Andrey Zvyagintsev‘s Leviathan. From Variety‘s John Hopewell: “Written by Zvyagintsev and Oleg Negin, and starring Alexey Serebryakov, Elena Lyadova and Vladimir Vdovichenkov, Leviathan turns on Nikolai who lives with his teenage son, Romka, and his young wife, Lilya, in a small town near the Barents Sea, in North Russia, in a little bay where the whales enter sometimes. The corrupt local mayor is attempting to embargo Nikolai’s house, small auto-repair shop and lands, keeping them for himself. Nikolai calls in an old army comrade, now a hot-shot lawyer, who ultimately decides that the only way to fight back is to dig up dirt on the mayor.” Here‘s a bit more.
OUT OF COMPETITION
Dean Deblois’s How to Train Your Dragon 2. The second film in a projected trilogy; here’s the site, where you can watch the trailer.
Olivier Dahan’s Grace of Monaco, the opening night film. From Warner Bros. UK: “Set in 1962, six years after her celebrated Wedding of the Century, Grace of Monaco is an intimate snapshot of a year in the life of the twentieth century’s most iconic Princess—Grace Kelly—as she strived to reconcile her past and her present, a yearning for a return to the big screen with her newfound role as a mother of two, monarch of a European principality and wife to Prince Ranier III.” With Nicole Kidman, Tim Roth, Frank Langella, Derek Jacobi, Jeanne Balibar and on and on.
Keren Yedaya’s Harcheck Mi Headro. Hm. Anybody? We do know that “Yedaya is known as a political activist for feminism and women’s rights and takes part in protests against Israeli military presence in the West Bank. Her films are reflections of her political activism.” And we know that Cannes president Gilles Jacob and general delegate Thierry Fremaux have promised that this one will be controversial.
Zhang Yimou’s Coming Home (Gui Lai). According to Film Business Asia, the “drama stars Chen Daoming as a political prisoner who returns home to his wife, played by Gong Li, after the end of the Cultural Revolution.” And a report in China Daily notes that it’s based on Yan Geling’s novel, Lu Fan Yanshi (The Criminal Lu Yanshi). “In the original novel, the young wife has to bear an arranged marriage and her husband’s deliberate ignorance; when she is aging, she has to bear her husband’s long, forced absence.”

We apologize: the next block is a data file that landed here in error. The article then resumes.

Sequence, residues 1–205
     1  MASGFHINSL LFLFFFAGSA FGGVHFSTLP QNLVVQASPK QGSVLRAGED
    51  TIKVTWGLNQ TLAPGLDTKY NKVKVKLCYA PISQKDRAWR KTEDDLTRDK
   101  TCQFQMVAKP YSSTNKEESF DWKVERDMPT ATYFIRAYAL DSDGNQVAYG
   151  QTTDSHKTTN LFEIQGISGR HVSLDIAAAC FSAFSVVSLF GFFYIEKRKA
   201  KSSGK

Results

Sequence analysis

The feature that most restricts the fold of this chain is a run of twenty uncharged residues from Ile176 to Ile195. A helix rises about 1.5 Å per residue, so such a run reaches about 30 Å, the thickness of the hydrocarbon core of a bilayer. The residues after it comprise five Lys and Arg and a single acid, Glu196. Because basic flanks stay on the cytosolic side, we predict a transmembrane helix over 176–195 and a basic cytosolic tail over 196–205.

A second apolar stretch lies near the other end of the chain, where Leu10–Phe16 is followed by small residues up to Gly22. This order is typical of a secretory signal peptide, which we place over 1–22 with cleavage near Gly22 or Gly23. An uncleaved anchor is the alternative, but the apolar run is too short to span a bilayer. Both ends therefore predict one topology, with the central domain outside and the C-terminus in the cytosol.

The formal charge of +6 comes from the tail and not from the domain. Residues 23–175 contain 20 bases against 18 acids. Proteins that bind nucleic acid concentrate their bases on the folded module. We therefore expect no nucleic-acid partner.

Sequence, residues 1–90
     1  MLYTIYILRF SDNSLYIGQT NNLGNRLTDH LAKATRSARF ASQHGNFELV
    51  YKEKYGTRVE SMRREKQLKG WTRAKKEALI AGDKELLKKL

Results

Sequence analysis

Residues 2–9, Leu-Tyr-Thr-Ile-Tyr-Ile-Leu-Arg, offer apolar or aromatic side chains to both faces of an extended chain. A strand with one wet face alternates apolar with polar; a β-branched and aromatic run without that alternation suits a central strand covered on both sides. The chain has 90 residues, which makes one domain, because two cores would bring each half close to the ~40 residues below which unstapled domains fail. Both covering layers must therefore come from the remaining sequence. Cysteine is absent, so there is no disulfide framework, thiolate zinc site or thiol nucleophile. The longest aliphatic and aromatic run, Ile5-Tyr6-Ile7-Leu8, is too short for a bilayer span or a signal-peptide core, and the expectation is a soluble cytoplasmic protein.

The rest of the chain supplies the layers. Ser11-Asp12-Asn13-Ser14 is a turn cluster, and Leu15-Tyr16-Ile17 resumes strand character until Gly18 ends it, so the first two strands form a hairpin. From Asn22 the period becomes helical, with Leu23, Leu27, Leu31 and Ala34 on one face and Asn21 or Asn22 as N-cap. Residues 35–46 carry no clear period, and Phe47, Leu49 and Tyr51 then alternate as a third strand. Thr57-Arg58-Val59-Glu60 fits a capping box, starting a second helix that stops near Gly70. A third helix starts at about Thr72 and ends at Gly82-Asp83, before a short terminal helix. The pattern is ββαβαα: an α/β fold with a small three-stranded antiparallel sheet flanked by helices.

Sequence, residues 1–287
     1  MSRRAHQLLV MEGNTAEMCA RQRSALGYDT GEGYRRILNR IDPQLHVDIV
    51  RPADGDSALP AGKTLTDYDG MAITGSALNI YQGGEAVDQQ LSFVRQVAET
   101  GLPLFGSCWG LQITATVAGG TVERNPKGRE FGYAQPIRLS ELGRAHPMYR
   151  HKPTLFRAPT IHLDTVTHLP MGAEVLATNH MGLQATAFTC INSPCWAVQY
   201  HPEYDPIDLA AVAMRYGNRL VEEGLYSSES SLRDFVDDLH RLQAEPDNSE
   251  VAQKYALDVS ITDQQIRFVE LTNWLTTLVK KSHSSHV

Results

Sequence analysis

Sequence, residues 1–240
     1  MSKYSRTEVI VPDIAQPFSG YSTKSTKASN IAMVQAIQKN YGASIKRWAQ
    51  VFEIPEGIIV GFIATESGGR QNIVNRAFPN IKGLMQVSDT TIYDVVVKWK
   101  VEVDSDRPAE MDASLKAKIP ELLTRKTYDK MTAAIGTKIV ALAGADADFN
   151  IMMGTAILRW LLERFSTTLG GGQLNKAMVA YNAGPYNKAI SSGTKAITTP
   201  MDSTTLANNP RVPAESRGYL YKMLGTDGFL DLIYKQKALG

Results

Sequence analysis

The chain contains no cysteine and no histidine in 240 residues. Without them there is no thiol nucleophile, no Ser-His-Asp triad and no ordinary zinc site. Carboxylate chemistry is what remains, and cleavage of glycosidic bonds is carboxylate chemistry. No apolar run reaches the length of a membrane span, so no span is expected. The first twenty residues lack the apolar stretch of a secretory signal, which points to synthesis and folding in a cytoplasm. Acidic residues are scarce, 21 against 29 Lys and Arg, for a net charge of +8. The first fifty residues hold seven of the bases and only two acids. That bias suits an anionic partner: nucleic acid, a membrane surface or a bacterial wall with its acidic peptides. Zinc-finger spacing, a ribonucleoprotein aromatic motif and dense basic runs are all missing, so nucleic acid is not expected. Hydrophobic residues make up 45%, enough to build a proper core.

UN CERTAIN REGARD
Lisandro Alonso‘s Jauja. This is likely what has been known up until today as Untitled Lisandro Alonso Project, starring Viggo Mortensen. From the IMDb: “A father and daughter journey from Denmark to an unknown desert that exists in a realm beyond the confines of civilization.”
Marie Amachoukeli, Claire Burger and Samuel Theis’s Party Girl. Cannes notes that the film “shows the life of Angélique, a 60 year-old night club hostess who still loves men and enjoys partying, but now as the senior member on staff, feels she has reached the end of the line. On an impulse, she agrees to marry her regular client, Michel. The film is a portrait of a free woman who has chosen to live on the margins of conventional society, and delves deep into a France that is often underrepresented. With total realism, the lead role is played by the real-life Angélique.”
Mathieu Amalric‘s La Chambre Bleue. Based on the recently reissued Georges Simenon novel from 1964 about a couple, to be played by Amalric and Léa Drucker, whose torrid affair leads to a double murder.
— Asia Argento (@AsiaArgento) April 17, 2014
Asia Argento’s L’incomprise. According to ANSA, this is a semi-autobiographical film set in 1984 about a nine-year-old girl who dreams of being loved by her parents. With Charlotte Gainsbourg, Gabriel Garko and Gianmarco Tognazzi.
Kanu Behl’s Titli. It “created buzz when it won the DI Award for the Best Work-in-Progress Lab Project at NFDC Film Bazaar last year,” reports Dear Cinema. The synopsis: “In the badlands of Delhi’s dystopic underbelly, Titli, the youngest member of a violent car-jacking brotherhood plots a desperate bid to escape the ‘family’ business. His struggle to do so is countered at each stage by his indignant brothers, who finally try marrying him off to ‘settle’ him. Titli, finds an unlikely ally in his new wife, caught though she is in her own web of warped reality and dysfunctional dreams. They form a strange, beneficial partnership, only to confront their inability to escape the bindings of their family roots. But is escape, the same as freedom.” With Ranvir Shorey, Amit Sial and newcomer Shashank Arora. “London-based international sales and finance outfit WestEnd Films has scooped up rights,” reports Variety‘s Leo Barraclough.
Ned Benson’s Eleanor Rigby. When it screened as a “work in progress” at Toronto last fall, the Dissolve‘s Noel Murray found it “problematic but admirable…, a film that couches a fascinating narrative experiment in the familiar language of an earnest indie drama about broken people. Jessica Chastain and James McAvoy play a married couple who drift apart after a crisis, and the movie covers the very different paths these two take on the way to regaining some control in their lives. The gimmick of the film is that it’s really two full 95-minute standalone features—labeled Him and Her, and theoretically able to be watched in any order—which tell the same story twice, from different angles…. Benson does a fine job of keeping his heroes’ pain simple enough to be relatable, rather than forcing ‘movie-ish’ conflict. But he also indulges in one of my most-hated indie film tricks: teasing the audience with hints at a sad backstory, then parceling that backstory out, unnaturally.” The version showing at Cannes is one minute short of two hours.